« Reply #13 on: November 25, 2017, 01:28:18 PM »
Good post Eli. Here's a post with even more background:

http://www.worights.cf/2017/11/the-book-of-broken-promises-400-billion.html
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JayGatsby

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Re: Net Neutrality
« Reply #14 on: November 25, 2017, 01:36:47 PM »
What really gets me is this last bit. These companies already have a monopoly, and now they are trying to convince us to let them charge even more? And then complain that the FCC is "about to implement Communism when it comes to the Internet" while turning a blind eye to the "violation of The Sherman and Clayton Acts" which the same FCC lets them get away with???

Talk about cojones.

How about we remove net neutrality in exchange for removing the last-mile monopolies these companies have? I'd love to see the cableco's response to that suggestion.
The link I posted actually makes the same point toward the end of the really long letter. I'm curious to see what happens as wireless service and cost gets better. Knowing nothing about the technology, it doesn't seem like we're that far off from the last mile being able to be done wirelessly.

LC

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Re: Net Neutrality
« Reply #15 on: November 25, 2017, 03:35:43 PM »
That's the thing. The author believes they are two different issues. But they're not, as I pointed out above.

This pretty much sums up how I view the entire issue:

https://i.imgur.com/iFVT0fy.jpg
« Last Edit: November 26, 2017, 12:40:41 PM by LC »
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LC

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Valuehalla

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Re: Net Neutrality
« Reply #17 on: December 11, 2017, 05:50:12 AM »
Here is a quote from telco expert Steve Blum:

The market, at best, is a duopoly collapsing into a monopoly – Comcast and Charter Communications account for 48% of U.S. wireline (and fixed wireless) broadband subscribers, and their share is growing. The next three biggest ISPs – AT&T, Verizon and CenturyLink – muster only a 28% market share, but that’s enough to put more than three-quarters of U.S. broadband subscribers in the hands of just five companies.

Quoted from here:
https://www.tellusventure.com/blog/end-of-net-neutrality-means-more-corporate-control-of-central-coast-media-and-speech/

I would be interested what do you guys think, are the consequences of removing NN especially for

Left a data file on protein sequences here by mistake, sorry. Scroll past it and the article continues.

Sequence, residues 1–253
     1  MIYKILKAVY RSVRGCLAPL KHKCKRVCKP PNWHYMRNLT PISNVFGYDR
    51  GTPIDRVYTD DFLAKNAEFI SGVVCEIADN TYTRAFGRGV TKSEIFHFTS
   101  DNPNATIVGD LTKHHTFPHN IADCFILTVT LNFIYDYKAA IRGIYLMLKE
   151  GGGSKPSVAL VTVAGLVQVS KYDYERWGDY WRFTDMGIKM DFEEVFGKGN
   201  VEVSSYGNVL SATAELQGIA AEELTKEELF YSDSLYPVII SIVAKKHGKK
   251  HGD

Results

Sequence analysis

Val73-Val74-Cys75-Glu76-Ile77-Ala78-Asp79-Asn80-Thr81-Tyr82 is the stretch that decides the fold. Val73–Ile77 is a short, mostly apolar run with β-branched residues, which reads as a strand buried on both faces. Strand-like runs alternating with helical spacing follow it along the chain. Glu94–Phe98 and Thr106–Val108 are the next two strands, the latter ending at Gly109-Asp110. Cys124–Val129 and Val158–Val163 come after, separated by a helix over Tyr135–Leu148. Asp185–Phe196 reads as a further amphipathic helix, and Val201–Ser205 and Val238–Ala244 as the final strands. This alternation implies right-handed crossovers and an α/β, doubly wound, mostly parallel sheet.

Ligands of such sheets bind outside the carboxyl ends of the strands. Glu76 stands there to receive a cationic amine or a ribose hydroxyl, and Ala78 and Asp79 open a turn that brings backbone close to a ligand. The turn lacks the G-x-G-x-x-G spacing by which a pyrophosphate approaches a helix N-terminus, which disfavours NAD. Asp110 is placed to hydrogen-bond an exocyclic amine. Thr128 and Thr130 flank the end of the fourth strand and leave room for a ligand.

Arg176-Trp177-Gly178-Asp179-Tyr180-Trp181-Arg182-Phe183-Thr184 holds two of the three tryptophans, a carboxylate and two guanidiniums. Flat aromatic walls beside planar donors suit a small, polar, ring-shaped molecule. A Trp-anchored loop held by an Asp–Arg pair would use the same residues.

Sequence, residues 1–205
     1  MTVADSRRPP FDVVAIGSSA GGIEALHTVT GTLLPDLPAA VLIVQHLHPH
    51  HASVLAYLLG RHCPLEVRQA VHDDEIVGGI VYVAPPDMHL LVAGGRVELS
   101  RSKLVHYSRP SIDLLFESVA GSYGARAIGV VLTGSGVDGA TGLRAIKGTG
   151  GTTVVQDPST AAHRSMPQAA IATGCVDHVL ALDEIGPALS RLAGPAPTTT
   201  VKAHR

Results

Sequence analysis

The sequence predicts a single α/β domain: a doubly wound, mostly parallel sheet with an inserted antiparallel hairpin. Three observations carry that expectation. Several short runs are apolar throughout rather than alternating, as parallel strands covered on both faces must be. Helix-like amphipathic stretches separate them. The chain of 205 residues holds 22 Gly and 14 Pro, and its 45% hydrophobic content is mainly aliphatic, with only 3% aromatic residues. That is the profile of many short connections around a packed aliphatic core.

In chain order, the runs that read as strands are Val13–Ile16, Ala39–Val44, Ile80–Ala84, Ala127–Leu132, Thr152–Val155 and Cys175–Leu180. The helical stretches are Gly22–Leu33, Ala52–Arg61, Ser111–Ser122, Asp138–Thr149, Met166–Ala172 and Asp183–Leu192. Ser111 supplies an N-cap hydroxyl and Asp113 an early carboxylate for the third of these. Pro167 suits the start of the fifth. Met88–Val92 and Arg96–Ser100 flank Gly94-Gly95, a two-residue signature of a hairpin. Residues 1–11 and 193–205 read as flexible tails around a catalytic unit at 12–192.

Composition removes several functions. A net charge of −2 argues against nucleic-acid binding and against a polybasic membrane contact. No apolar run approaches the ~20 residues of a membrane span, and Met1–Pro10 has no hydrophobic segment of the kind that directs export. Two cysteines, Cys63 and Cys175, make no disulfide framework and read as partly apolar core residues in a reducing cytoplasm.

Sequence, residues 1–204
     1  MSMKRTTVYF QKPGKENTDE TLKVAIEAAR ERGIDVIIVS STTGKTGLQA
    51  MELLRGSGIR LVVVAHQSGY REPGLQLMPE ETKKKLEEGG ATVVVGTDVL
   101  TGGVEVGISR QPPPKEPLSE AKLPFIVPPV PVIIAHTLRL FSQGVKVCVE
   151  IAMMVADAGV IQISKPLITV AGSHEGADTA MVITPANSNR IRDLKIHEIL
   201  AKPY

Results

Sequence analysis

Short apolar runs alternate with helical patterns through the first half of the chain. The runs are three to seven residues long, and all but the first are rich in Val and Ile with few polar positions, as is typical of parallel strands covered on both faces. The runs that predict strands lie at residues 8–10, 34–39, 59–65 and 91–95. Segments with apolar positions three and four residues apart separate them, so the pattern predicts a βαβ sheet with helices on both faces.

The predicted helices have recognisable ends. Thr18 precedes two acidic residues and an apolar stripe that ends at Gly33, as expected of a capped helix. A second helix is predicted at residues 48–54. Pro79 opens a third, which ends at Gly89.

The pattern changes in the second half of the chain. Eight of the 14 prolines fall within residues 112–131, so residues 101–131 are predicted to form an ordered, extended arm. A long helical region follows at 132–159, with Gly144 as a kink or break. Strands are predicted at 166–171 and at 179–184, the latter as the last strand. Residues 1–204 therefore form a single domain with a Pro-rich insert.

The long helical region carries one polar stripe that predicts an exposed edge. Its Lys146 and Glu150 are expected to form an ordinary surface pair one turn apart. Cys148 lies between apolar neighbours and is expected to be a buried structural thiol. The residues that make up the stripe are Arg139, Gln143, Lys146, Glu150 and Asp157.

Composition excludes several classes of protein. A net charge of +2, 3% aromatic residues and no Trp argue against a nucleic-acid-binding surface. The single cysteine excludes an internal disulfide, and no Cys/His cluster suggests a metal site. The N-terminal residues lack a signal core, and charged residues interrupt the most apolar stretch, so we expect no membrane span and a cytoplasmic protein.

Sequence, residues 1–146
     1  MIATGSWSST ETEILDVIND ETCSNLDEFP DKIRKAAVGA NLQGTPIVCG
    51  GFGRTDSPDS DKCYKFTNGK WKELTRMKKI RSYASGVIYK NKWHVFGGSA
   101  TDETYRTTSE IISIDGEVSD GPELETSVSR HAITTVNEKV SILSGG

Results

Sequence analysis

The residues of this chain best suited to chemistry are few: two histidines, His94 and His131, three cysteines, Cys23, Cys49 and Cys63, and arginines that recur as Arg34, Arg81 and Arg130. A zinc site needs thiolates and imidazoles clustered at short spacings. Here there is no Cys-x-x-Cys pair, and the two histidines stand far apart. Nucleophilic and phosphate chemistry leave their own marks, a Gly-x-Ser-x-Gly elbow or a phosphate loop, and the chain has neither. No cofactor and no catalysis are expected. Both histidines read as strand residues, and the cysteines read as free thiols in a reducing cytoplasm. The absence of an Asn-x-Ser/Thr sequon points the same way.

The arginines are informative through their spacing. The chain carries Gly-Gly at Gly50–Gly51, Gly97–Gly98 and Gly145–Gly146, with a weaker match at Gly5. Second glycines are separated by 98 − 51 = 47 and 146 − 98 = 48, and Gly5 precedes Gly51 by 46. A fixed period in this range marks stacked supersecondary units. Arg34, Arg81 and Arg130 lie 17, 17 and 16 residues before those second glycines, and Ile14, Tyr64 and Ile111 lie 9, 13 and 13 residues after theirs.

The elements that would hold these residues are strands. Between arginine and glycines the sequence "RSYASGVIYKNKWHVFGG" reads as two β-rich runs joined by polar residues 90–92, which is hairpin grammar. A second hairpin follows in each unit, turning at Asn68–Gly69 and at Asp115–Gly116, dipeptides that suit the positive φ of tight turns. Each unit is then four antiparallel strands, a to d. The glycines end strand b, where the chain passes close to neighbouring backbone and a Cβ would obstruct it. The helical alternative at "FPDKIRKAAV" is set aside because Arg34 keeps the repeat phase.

AT &T, Verizon, and CenturyLink ?
« Last Edit: December 11, 2017, 05:55:59 AM by Valuehalla »
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LC

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Re: Net Neutrality
« Reply #18 on: December 11, 2017, 06:50:52 AM »
Good question, I don't see it as anything but good if you're an ISP. It's essentially giving them the ability to extort money from their customers (either customers like you and me or the websites we visit).
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rkbabang

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Re: Net Neutrality
« Reply #19 on: December 11, 2017, 06:59:56 AM »
Here is a quote from telco expert Steve Blum:

The market, at best, is a duopoly collapsing into a monopoly – Comcast and Charter Communications account for 48% of U.S. wireline (and fixed wireless) broadband subscribers, and their share is growing. The next three biggest ISPs – AT&T, Verizon and CenturyLink – muster only a 28% market share, but that’s enough to put more than three-quarters of U.S. broadband subscribers in the hands of just five companies.

Quoted from here:
https://www.tellusventure.com/blog/end-of-net-neutrality-means-more-corporate-control-of-central-coast-media-and-speech/

I would be interested what do you guys think, are the consequences of removing NN especially for 
AT &T, Verizon, and CenturyLink ?



In principle I'd be against government regulation of any kind, but the problem is removing net neutrality doesn't make it a free market by any stretch of the imagination, because of the issue in the post above.   These companies have government enforced monopolies in their areas and thus there is almost zero competition which means zero incentive to make their customers happy.  Think the cable market in the late 20th century or Ma-Bell in the mid-20th century.  Deregulating the internet should mean opening up every city and town in america to multiple ISPs.  Let anyone who wants to run cable or fiber run it and let's see what happens.  I know in my town they won't let in anyone other than Comcast.  That was true in the last town I lived in as well.  They are worried about their stupid cable access channel (as if a: anyone watches it or cares, or b: they couldn't just put all their content on youTube for free).   Removing government is good if it is completely removed.  If it isn't you are going to be constantly trying to fix problems caused by too much government.

Libertarians in general are split on this.   FEE has a different opinion than does EFF for example.

"Goodbye Net Neutrality; Hello Competition"
https://fee.org/articles/goodbye-net-neutrality-hello-competition/

"Network neutrality—the idea that Internet service providers (ISPs) should treat all data that travels over their networks fairly, without improper discrimination in favor of particular apps, sites or services—is a principle that must be upheld to protect the future of our open Internet."
https://www.eff.org/issues/net-neutrality